this. You made a roller support at D and you cut the bar 10 in this case. The forces, if
you want to insert them, will be X1, which is the tension in that bar 10, which you do not
know, and the horizontal reaction, we are calling it as X2. Is it clear?

Now, write down the compatibility equation. They take the same format; it is very easy
to write them down. On the right hand side, D1 and D2 are 0. When you say D1 is 0 you
are actually making a statement that the relative displacement between the cut ends is 0;
the bar should never have been cut in the first place. We are not saying that this point is
not going to move; it will move when the bar elongates or contracts. But we are saying
the relative moment is not there. So, those double arrows pointing towards each other
refer to relative movement, when you interpret from a displacement perspective.

Physically, it is a little troublesome, because if they really approach each other, they will
penetrate each other or overlap each other. That is something that you worry about in
your mind. They can separate out or they can penetrate. Is it clear? That is the meaning
of that.

You can also use the strain energy formulation and solve the same equations; they mean
the same. How do you calculate the displacements? You can use a unit load method; I
hope you are familiar with this. Apply X1 equal to 1, get those forces; apply X2 equal to
1, get those forces and so on.

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(Refer Slide Time: 36:11)

If you do that, I have got three diagrams here. The first diagram is the structure in which
I apply only the external loads, the primary structure.

The second one, I apply X1 equal to 1 and I solve it by method of joints or by method of
sections. In the second one, I apply X2 equal to 1. When I apply X2 equal to 1, X1 is 0.
So, this bar has zero force, this bar has zero force here as well (Refer Slide Time: 36:40).
Here, this bar has a force of unit magnitude. We analyze this; we have done this last
year, so I am going fast over it. It will be nice to write it in a tabular format. Write down
the ten bars, note their lengths and write down the flexibility which is L by EA. So, the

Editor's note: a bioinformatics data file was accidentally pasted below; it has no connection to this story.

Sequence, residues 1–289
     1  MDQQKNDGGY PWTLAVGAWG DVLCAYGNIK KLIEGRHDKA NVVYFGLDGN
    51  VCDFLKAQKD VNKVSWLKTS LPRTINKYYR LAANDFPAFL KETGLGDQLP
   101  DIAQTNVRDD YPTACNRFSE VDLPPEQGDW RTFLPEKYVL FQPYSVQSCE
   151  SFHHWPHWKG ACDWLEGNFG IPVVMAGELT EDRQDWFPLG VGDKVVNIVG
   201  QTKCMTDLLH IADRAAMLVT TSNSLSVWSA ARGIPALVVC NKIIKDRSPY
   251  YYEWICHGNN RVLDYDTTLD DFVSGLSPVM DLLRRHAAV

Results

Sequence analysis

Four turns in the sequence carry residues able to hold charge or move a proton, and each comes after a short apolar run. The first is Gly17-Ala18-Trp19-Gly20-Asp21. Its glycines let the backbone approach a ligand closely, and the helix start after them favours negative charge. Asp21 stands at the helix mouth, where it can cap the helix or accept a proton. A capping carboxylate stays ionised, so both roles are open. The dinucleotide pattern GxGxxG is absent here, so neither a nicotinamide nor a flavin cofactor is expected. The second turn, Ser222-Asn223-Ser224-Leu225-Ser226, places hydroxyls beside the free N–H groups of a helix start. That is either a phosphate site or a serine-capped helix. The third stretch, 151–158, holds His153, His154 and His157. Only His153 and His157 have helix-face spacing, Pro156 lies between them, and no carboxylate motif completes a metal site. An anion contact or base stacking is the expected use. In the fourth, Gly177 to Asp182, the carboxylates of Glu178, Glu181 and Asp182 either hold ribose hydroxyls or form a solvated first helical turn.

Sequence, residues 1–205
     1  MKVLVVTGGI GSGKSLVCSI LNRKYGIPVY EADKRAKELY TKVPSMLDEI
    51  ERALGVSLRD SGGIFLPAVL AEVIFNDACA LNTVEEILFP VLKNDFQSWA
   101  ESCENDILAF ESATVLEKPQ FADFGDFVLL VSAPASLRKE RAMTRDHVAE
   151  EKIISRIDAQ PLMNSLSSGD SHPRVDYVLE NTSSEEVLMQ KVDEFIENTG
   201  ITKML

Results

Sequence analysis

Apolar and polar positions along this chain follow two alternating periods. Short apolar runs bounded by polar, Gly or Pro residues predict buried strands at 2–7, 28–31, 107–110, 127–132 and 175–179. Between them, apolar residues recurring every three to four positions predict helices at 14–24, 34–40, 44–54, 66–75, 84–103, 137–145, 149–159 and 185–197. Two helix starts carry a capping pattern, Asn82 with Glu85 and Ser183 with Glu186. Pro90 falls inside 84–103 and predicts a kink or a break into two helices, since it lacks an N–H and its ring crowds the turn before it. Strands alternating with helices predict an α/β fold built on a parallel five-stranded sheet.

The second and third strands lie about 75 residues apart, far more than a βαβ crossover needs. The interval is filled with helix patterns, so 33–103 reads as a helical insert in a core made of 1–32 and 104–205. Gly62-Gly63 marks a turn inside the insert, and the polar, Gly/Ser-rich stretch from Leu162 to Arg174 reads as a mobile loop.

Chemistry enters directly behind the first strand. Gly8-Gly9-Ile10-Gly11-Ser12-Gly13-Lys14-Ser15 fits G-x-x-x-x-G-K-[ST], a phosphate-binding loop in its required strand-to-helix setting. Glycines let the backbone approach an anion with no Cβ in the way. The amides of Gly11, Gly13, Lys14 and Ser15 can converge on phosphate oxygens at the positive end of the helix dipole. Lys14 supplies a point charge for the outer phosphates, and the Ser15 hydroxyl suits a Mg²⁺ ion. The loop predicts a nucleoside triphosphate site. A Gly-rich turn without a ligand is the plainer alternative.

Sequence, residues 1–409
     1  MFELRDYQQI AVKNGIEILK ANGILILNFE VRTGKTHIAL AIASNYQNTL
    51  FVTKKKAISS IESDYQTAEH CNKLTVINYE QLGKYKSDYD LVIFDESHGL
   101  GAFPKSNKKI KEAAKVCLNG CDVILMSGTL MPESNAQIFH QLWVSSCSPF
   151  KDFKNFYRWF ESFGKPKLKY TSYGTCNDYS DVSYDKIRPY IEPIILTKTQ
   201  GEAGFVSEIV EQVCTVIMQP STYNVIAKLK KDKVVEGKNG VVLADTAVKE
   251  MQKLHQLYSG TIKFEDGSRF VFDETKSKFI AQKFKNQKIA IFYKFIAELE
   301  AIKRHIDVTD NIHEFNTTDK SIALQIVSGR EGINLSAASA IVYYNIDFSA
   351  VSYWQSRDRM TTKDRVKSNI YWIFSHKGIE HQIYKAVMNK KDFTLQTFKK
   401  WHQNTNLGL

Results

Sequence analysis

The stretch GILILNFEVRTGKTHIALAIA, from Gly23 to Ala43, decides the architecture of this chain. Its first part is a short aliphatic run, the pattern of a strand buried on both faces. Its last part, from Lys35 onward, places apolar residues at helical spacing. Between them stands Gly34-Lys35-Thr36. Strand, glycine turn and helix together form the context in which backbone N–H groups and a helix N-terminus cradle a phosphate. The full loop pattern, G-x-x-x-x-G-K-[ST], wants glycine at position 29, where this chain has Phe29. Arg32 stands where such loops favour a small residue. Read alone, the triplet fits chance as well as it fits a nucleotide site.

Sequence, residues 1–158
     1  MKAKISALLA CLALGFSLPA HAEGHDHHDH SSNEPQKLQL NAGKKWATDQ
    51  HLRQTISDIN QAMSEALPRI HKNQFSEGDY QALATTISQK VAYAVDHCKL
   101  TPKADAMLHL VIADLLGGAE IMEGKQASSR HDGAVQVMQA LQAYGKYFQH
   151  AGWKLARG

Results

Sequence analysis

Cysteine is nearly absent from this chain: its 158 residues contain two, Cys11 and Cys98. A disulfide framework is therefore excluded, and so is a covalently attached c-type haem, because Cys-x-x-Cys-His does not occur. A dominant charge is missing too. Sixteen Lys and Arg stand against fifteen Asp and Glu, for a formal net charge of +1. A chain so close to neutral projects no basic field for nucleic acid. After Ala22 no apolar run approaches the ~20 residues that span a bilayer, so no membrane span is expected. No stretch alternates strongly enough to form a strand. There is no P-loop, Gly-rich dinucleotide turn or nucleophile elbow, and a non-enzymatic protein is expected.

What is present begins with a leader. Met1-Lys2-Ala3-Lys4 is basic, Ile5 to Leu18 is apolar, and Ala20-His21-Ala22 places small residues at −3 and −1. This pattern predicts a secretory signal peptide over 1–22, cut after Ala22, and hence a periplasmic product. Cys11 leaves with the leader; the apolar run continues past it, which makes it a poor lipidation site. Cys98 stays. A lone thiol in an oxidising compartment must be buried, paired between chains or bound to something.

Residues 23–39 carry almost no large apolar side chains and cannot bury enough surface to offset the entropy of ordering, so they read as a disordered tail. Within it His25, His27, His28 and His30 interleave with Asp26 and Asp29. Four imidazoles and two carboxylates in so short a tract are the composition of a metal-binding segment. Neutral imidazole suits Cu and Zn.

length of each bar is known; the EA values are given to you; analyze those three trusses
and write them down.

If you take this particular case, it is so easy. There are only three bars. When you pull A
horizontally, you will have an axial tension in these three bars and you do not have any
force in any other bar. That is why this is just 1 1 1 and all the others are 0. Is it clear?
These things should not take you too much time.

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(Refer Slide Time: 37:38)

Once you have you done this exercise, invoke your unit load method equations. Are you
clear about this? We have done this before. So, get those numbers in terms of VA and
VA gets eliminated. Substitute in your compatibility equations and solve for X1 and X2.
Final bar forces are given; you can do superposition. You have already solved. In that
table, you have got forces; you have got force called by external loading. You have got
force called by X1 equal to 1. Take that column, multiply by X1; take the next column,
multiply by X2 and add up everything to get the answers.

(Refer Slide Time: 38:16)

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It is interesting to note that some of those bar forces will be positive and some will be
negative; you must be able to judge correctly. For example, in that particular loading,
you would expect the bottom chord to be in tension and the top chords to be in
compression, in the verticals and diagonals appropriately. You should figure it out.

Let us take a displacement loading problem. Let us say, you have a lack of fit problem,
bar 10 is too long by 3 mm. When it came to the side, that bar was too long; so it had to
be force fitted; that means, it had to be hammered into place. Because the structure is
over rigid, all the other bars will resist this fixing. Had it been just rigid, they will move
and accommodate this movement. You have a problem. You are forcing that bar to be
fitted. First of all, can you tell me what will be the force in that bar? It will be
compression, because it was too long and it will not be allowed to get that length of 3
mm; the final excess length may be 2 mm or 1 mm. It depends on the relative stiffness of
all those bars. Because of this, the other bars will also be stressed. So, you have a self-
equilibrating system.

How do you solve this problem? (Refer Slide Time: 39:49) Let us take the same
redundants, as we have identified earlier. Now, the compatibility equation will look like
this. Is it clear? This is because now you have a displacement loading.

How will you get delta D1L and delta D2L? This is not as easy as the previous problem
where you had the rigid body movement in your beam.